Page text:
Pakistani nationals in Yemen have no way of leaving the strife-torn country due to Islamabad’s inaction.
The Government of Pakistan has yet to announce any contingency plan to evacuate Pakistani nationals from strife-torn Yemen even as a Saudi Arabia-led coalition targets the nation’s capital as part of an ongoing campaign against the Houthi rebels.
Saudi Arabia and a coalition of 10 other countries, including the Gulf Cooperation Council, on Thursday launched airstrikes in Yemen to prevent the Iran-backed Houthis from seizing more territory in the country. At least 39 civilians in the capital, Sanaa, have been killed in Operation Decisive Storm so far, according to Yemeni health ministry officials.
On Wednesday, the Saudi Press Agency claimed Islamabad had also expressed a desire to join the coalition, but Pakistan’s defense minister has denied this. On Thursday night, Prime Minister Nawaz Sharif said Islamabad was ready to defend Saudi Arabia’s “territorial integrity,” but ruled out any immediate participation in the fighting. This has left the 2,000 Pakistanis currently living in Yemen in a state of limbo.
Nearly half of all Pakistani nationals in Yemen live in the besieged capital, employed by banks or audit firms. They have no way of leaving, according to embassy officials.
“We urgently need to begin evacuating our people,” an official at the Pakistan embassy in Sanaa told Newsweek on condition of anonymity. “This is an emergency. Please tell the Government of Pakistan they have a responsibility to their people, first and foremost.” Another official echoed the concerns. “The Pakistanis are stranded,” he said. “They are calling us frantically. All the airports are closed. One option is to ship them out.”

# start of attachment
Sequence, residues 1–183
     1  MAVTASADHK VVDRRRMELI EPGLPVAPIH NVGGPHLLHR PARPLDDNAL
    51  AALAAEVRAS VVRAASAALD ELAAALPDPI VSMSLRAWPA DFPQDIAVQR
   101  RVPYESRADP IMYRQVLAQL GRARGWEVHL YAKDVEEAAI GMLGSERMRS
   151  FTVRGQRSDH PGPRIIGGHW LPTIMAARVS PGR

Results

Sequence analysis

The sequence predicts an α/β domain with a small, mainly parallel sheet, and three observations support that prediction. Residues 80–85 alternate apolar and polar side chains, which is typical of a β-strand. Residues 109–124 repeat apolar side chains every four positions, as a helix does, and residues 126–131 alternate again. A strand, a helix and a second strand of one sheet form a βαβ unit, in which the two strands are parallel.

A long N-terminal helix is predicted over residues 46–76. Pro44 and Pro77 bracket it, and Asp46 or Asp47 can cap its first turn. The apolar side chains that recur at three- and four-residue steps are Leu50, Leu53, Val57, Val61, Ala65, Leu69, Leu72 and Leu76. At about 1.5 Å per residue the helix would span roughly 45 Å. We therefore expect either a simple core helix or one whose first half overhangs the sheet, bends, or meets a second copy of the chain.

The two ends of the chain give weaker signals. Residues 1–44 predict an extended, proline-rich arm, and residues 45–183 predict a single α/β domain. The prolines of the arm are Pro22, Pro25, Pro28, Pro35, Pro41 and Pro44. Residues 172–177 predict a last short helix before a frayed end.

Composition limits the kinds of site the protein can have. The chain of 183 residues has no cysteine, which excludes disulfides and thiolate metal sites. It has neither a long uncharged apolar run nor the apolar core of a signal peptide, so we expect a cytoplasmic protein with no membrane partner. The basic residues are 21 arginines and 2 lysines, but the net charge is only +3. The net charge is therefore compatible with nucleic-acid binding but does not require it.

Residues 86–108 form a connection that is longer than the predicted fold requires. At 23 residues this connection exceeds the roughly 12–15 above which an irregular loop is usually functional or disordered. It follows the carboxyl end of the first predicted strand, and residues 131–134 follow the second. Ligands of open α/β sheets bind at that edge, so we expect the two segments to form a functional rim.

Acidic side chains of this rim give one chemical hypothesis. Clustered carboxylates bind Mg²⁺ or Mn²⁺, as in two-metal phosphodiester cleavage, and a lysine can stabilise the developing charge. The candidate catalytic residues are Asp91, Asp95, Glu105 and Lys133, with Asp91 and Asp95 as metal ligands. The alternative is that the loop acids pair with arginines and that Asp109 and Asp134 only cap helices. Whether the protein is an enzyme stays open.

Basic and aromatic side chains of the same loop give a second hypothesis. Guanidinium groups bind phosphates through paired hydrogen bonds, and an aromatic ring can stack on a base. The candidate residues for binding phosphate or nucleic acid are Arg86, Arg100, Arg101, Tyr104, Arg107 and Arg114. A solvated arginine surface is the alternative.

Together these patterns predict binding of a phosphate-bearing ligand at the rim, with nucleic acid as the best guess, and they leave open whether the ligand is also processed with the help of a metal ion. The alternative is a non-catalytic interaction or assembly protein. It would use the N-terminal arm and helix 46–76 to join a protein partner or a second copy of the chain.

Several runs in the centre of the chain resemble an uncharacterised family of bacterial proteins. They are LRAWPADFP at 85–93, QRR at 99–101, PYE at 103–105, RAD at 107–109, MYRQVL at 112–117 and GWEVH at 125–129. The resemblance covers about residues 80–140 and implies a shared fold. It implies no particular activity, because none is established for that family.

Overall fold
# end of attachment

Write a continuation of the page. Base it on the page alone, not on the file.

Other countries, including India, Indonesia and Lebanon, have already begun evacuating their nationals via both sea and air.
Pervaiz Iftikhar Hussain, a businessman living in Sanaa for the past 38 years, said the situation was growing tense. “People are very nervous,” he told Newsweek via phone from Sanaa, adding that if Islamabad joined the anti-Houthi coalition, the Pakistani nationals could face retaliation from locals.
In 1969, Pakistan Air Force pilots assisted Saudi Arabia in repulsing a South Yemeni incursion into the kingdom’s southern border. According to Hussain, those attacks provoked a sweeping anti-Pakistan sentiment. “We could not buy groceries without being rebuked,” he says, “Cabbies would say, ‘You Pakistanis are killing Yeminis with the Saudis.’ It was a difficult time.”
Embassy officials are also concerned about a potential blowback. “If you are a Pakistani, Yemen is a great place to live. Pakistanis here are professionals—doctors, engineers, and bankers. They respect you. But that will change [if we join the Saudi-led coalition].”